THE PUBLICIST: No matter the stage, Arnold knows how to steal the show

There's no business like show business.

There's no business like show business.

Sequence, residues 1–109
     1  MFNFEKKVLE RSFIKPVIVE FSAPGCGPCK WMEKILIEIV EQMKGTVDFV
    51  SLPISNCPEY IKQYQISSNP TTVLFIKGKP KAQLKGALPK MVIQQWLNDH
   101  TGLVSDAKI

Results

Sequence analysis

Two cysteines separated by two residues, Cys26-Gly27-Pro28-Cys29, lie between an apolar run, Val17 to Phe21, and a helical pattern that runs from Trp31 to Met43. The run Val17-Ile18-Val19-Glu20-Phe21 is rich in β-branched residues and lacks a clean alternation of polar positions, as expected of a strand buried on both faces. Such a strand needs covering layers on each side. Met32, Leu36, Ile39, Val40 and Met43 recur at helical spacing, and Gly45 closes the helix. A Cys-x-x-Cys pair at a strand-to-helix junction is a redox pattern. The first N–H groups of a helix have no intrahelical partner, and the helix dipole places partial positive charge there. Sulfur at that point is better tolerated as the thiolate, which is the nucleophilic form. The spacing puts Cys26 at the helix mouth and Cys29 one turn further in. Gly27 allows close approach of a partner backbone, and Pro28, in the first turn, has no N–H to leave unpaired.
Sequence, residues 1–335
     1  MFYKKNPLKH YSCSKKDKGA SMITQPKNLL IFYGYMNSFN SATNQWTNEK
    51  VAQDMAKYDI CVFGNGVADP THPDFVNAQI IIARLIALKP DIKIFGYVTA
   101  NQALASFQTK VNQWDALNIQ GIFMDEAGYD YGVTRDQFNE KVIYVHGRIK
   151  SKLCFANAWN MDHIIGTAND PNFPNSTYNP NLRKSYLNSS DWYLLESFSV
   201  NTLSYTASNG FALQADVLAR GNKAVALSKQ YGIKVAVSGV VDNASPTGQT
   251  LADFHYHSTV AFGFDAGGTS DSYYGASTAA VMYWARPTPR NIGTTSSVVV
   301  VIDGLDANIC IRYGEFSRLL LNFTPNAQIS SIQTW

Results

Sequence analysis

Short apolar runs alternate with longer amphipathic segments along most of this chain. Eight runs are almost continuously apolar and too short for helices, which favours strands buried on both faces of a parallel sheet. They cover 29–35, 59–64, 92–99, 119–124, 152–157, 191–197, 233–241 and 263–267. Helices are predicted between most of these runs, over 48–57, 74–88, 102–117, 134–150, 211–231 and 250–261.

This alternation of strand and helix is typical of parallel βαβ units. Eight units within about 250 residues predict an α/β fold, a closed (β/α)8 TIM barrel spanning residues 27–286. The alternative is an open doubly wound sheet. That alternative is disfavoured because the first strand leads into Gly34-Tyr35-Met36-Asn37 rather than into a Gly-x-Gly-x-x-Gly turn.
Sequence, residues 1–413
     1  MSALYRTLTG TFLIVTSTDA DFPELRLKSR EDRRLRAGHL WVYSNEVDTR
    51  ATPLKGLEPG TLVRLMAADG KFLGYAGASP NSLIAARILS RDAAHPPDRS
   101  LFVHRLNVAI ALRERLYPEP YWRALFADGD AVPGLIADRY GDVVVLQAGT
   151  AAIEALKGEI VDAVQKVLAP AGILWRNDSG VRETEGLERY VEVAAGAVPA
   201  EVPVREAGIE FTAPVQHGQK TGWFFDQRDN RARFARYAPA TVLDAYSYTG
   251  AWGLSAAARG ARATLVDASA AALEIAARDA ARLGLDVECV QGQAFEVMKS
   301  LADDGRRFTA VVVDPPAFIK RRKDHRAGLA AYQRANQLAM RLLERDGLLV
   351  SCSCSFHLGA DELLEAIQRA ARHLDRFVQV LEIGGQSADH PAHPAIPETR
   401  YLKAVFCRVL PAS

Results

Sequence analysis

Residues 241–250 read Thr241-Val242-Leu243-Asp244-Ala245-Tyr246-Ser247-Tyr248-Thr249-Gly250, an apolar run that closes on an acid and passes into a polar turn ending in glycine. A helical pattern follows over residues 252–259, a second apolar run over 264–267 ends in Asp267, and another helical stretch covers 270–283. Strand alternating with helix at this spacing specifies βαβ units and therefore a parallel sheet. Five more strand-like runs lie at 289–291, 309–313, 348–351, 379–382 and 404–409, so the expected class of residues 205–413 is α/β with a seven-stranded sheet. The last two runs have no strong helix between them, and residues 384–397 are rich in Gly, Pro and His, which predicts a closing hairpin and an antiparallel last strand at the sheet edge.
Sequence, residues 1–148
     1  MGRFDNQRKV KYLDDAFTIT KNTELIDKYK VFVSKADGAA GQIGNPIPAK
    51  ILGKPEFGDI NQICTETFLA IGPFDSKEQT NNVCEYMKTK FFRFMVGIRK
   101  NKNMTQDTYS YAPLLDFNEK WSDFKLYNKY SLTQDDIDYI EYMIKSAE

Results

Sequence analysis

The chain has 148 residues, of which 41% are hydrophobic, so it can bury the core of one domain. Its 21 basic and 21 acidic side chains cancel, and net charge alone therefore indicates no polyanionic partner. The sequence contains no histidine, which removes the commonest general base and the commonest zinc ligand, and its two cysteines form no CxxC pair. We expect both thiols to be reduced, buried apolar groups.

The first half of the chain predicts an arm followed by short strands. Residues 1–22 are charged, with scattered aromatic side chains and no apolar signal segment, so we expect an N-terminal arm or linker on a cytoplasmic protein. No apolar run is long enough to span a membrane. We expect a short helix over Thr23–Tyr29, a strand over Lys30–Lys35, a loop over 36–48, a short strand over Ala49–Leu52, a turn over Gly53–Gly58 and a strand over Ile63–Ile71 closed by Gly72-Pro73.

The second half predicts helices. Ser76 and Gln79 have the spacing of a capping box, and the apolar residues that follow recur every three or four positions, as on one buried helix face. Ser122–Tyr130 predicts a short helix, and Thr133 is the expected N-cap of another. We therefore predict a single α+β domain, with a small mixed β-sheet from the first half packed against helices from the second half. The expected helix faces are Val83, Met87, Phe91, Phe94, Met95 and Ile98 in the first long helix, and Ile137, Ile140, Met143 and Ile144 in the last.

Even if you're in politics. No one knows that better than Governor Schwarzenegger (R-CA), whose media mastery relies more on a big entrance and grand exit than the moments in between. I was allowed to tag along with his advance team at a recent event in LA to see firsthand how well they control the message and access. With his appearance two hours away, the advancers spoke with security, reviewed the press list, and did a walk-through of the scripted stage arrival. Thirty minutes beforehand, they explained ground rules to the media and accompanied photographers to the front of the stages. Broadcast and print press had to remain in the back of the huge hall. Two journalists mildly complained that there was to be no Q&A afterwards. "There was obviously greater access and fewer security restrictions involved with Arnold's appearances before he became governor," says a publicist who has worked with him for several years on an LA fundraising event for underprivileged youth. "Now there are much tighter controls over credentialing, photographer positions, and interviews. I've always made all the PR decisions for this event in the past - and Arnold just showed up. Now his team makes all the calls." The governor works with an A/V company that stages his political appearances as if they were rock concerts. Just before his arrival, the doors opened to a mad rush of 5,000 attendees who stormed the arena as if the red light had just gone on at Krispy Kreme. Lights dimmed, he came thundering through the hall on a motorcycle, raced up a ramp and onto the stage. The crowd roared - just as Arnold entered stage right. "I want to thank you for changing the Constitution to allow me to run for President of the United States... oh, wrong speech," he began. The fans ate it up. Arnold's team has done a masterful job of dressing up the boss' PR image since he took office. Which makes it somewhat ironic that Arnold himself may throw kindling on the embers of his chauvinist reputation through an upcoming movie appearance in Around the World in 80 Days. In it he plays a womanizing sheik, a role filmed last summer. Sure, he's only acting. Exactly what, some claim, he's been doing as governor. The difference is, Arnold is willing to play second banana to Jackie Chan on a film screen, but not to George Bush on the political stage. Lawrence Mitchell Garrison is an LA-based freelance publicist and writer

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